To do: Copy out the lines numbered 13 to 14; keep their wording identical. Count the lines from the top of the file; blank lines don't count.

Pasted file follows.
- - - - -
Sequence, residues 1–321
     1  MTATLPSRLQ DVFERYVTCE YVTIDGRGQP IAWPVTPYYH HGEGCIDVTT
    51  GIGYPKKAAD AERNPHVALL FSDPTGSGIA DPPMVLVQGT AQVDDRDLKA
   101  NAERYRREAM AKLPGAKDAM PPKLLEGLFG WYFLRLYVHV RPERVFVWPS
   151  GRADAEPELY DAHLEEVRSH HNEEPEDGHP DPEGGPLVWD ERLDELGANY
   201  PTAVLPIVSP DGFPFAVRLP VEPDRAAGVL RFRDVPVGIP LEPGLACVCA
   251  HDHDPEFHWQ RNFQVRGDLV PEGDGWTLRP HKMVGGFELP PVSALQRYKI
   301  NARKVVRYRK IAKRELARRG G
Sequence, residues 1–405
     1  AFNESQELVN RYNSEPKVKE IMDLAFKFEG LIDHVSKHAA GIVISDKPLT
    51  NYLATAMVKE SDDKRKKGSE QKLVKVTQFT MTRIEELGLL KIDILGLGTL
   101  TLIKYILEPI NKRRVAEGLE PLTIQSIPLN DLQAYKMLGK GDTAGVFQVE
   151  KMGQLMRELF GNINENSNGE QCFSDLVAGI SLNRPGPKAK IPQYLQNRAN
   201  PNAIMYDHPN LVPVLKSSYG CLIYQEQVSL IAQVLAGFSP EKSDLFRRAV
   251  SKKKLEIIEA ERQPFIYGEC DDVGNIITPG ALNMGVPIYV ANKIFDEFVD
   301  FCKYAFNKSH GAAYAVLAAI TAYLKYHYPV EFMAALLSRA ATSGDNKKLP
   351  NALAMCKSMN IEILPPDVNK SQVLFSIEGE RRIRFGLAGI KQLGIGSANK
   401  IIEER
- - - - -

   151  KMGQLMRELF GNINENSNGE QCFSDLVAGI SLNRPGPKAK IPQYLQNRAN
   201  PNAIMYDHPN LVPVLKSSYG CLIYQEQVSL IAQVLAGFSP EKSDLFRRAV